Rick Warren, Reader’s Digest part ways on publishing project
The Associated Press
LAKE FOREST, Calif. (AP) — A joint publishing venture between influential pastor Rick Warren and Reader’s Digest magazine has collapsed less than a year after it was announced with great fanfare.
The multimedia project, called the Purpose Driven Connection, will continue in a different form but be operated solely by Warren’s Saddleback Church in Southern California starting next spring, church officials said Wednesday.
A quarterly print magazine of the same name will publish for the last time in mid-November, and its content will move to a free, expanded Web site starting in January, Warren said in a statement.
“The positive response from readers was so overwhelming we didn’t want the content to be limited only to Americans who could afford a subscription to a magazine,” Warren said.
The announcement comes months after Reader’s Digest Association Inc. filed for Chapter 11 bankruptcy protection as it faced falling print circulation and looming debt payments. The Warren project, when unveiled, was portrayed as a partnership of two powerhouses — and a way for Reader’s Digest to find new revenue. Company officials did not immediately respond to requests for comment Wednesday.
The recession and changing reader habits have prompted cutbacks at many magazines, and some have folded.
Warren, author of the best-selling “The Purpose Driven Life,” said subscriptions to the print magazine were lagging. For $29.99 a year, subscribers received the magazine, a workbook, DVD curriculum for church small group meetings and access to special features on a Web site.
Brian Bird, managing editor of the magazine and Web site, said subscriptions were between 2,500 and 5,000 per month.
“I imagine (Reader’s Digest officials) were hoping for this to explode, and it didn’t explode,” Bird said. “But it’s had slow, steady growth. It takes a long time for anything to really grow, especially in a competitive media culture.”
Thousands of women from around the world were challenged to upgrade their faith as they face battles and see the world shaken.
"We have entered perhaps the most challenging time we have [ever] faced," said Jane Hansen Hoyt, president and CEO of Aglow International. "We are seeing the kingdoms of this world shaken. [God's] warning us to become established in the kingdom that cannot and indeed will never be shaken."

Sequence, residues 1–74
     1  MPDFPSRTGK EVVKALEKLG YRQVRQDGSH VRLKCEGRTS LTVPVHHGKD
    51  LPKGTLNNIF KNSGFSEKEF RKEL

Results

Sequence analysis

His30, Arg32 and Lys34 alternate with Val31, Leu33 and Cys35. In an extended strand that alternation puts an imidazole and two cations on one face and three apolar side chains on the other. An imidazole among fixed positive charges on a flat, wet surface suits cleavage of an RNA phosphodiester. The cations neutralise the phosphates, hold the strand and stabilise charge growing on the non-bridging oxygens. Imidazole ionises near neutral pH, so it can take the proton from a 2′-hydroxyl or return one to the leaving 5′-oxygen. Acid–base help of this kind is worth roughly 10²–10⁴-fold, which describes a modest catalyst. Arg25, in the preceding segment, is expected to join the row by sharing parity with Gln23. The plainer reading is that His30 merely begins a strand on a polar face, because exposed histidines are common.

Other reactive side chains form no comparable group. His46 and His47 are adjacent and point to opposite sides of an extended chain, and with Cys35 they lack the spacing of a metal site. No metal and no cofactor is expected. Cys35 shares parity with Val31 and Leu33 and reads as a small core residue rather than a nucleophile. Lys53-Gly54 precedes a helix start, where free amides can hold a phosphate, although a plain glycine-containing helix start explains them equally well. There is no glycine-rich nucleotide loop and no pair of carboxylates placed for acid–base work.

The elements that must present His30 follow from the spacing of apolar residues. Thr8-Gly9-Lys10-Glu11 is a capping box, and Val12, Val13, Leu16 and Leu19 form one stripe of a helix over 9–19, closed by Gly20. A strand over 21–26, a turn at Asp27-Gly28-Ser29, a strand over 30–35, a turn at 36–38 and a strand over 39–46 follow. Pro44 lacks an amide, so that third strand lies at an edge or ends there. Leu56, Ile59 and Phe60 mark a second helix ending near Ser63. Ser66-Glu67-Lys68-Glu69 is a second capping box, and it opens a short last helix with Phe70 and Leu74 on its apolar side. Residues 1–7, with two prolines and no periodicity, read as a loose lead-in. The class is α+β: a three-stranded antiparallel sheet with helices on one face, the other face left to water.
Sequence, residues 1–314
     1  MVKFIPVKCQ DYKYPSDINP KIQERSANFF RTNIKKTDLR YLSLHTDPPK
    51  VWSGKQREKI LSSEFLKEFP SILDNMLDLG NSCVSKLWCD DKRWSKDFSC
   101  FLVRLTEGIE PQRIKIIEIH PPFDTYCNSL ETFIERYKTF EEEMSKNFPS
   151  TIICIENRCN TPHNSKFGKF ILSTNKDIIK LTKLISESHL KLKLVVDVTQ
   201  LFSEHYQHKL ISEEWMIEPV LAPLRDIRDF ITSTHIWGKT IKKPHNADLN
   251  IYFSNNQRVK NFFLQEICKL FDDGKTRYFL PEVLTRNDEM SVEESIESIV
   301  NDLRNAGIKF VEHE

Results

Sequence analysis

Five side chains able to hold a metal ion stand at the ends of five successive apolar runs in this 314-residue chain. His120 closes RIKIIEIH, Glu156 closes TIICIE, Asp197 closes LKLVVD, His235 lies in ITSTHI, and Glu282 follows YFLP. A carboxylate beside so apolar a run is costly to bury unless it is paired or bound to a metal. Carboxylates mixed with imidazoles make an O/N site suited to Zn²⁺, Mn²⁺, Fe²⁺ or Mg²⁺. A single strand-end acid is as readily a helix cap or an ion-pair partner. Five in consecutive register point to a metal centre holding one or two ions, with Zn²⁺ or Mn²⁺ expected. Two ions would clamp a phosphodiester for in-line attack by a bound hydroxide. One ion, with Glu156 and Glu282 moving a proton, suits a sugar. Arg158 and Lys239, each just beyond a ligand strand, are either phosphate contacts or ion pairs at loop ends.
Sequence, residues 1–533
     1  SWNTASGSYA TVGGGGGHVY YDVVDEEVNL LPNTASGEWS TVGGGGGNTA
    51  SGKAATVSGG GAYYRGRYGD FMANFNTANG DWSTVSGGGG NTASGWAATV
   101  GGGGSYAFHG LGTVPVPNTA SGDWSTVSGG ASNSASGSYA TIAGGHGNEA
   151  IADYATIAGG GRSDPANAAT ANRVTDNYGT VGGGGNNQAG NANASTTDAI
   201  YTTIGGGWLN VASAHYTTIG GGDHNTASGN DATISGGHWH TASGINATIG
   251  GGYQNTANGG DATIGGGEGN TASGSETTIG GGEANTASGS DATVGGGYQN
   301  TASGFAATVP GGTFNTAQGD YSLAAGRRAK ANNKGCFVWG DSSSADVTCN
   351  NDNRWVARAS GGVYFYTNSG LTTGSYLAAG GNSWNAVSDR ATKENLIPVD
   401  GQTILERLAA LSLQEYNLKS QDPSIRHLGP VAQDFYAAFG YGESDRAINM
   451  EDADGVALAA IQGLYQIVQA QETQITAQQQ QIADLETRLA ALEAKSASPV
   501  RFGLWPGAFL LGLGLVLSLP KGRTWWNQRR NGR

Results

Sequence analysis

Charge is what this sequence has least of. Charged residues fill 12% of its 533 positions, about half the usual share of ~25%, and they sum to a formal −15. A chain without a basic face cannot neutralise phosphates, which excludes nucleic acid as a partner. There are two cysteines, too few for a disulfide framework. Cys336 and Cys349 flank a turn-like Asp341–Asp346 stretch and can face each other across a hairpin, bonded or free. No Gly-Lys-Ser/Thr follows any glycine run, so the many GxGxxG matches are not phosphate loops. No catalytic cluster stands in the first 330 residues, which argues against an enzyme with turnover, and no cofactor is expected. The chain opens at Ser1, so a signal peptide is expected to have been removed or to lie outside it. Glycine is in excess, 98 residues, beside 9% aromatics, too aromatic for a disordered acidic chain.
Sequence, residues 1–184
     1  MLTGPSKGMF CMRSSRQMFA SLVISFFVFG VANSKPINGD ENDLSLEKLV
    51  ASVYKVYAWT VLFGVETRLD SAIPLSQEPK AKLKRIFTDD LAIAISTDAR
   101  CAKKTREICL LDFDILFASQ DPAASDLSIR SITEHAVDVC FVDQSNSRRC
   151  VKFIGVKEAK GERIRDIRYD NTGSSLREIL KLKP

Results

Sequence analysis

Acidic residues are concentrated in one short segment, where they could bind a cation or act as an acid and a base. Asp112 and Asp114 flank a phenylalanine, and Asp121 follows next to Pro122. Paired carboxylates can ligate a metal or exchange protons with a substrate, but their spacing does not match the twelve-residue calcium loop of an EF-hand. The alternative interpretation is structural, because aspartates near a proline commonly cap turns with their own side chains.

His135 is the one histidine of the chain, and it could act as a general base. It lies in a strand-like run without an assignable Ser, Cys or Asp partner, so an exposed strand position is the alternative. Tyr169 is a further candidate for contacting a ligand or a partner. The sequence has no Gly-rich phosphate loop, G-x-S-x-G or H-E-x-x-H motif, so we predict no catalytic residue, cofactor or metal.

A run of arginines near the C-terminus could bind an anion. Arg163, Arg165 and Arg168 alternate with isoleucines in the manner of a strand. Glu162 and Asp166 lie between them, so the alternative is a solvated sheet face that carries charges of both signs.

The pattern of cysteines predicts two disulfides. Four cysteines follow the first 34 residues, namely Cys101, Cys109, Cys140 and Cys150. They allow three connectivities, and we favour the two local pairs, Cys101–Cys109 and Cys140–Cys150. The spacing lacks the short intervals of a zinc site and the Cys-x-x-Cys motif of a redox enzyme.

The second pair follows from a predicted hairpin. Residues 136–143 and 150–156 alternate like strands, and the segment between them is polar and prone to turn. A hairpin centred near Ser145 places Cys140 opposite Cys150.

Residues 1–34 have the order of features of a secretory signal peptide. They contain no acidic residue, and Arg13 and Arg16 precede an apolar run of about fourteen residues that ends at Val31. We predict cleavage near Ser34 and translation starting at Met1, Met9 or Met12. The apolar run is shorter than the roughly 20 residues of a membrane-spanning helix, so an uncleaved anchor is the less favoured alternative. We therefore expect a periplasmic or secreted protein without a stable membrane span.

Algow's 2009 Worldwide Conference in Louisville, Ky., drew a diverse crowd of women as well as men from countries where dozens of Aglow chapters are active. The transdenominational ministry is one of the largest international women's organizations with local groups in 170 nations.
Some 200,000 men and women meet together monthly and an estimate 17 million people are ministered to annually through Aglow, Hansen Hoyt reported.
Even in Nigeria Islamic militants are coming to Christ and the church is growing, an Aglow representative said Friday. Thousands are attending Aglow conferences even in heavily Muslim areas.
"All of this is taking place in an everchanging world," Hansen Hoyt noted, as she listed globalism, the economic crisis, pandemics, the constantly changing exchange of information, terrorism, and the growing prominence of Islam as some of the factors contributing to tough times.
"All the things that [people] looked to and depended upon are like shifting sand," the Aglow president said.
But in the midst of the everchanging world and shaken worldly systems, the ministry leader told the thousands of women that God was calling them to a higher level.
"I believe we as God's people are contending for a new level of faith," she said. And she reminded the crowd that it's in the valley where the individual "upgrade" gets formed.
"When you go through hell, you must prosper because that's the point of going there," she added. "You have a spirituality that permits us to thrive, not just survive."
At the conference on Friday, Promise Keepers President Dr. Raleigh Washington announced a partnership between his men's ministry and Aglow International. Promise Keepers was relaunched this year under the new leadership of Washington and founder Bill McCartney, who had retired. Washington said the vision they received from God in relaunching the once popular men's ministry was to heal the divide, including the one between men and women.
"Promise Keepers is taking up the mantle to lead the charge. We're going to honor women all across this nation and around the globe," Washington told Aglow attendees.
This past summer, the men's ministry invited Hansen Hoyt to speak at their stadium event, which marked the first time a woman delivered a message at a Promise Keepers conference.
"If we're going to honor women, we got to make room on our platform for women," Washington said.
Hansen Hoyt was invited to join Promise Keepers at their upcoming conferences to continue to address thousands of men as they learn how to honor God's women.
The Aglow Worldwide Conference concludes Sunday.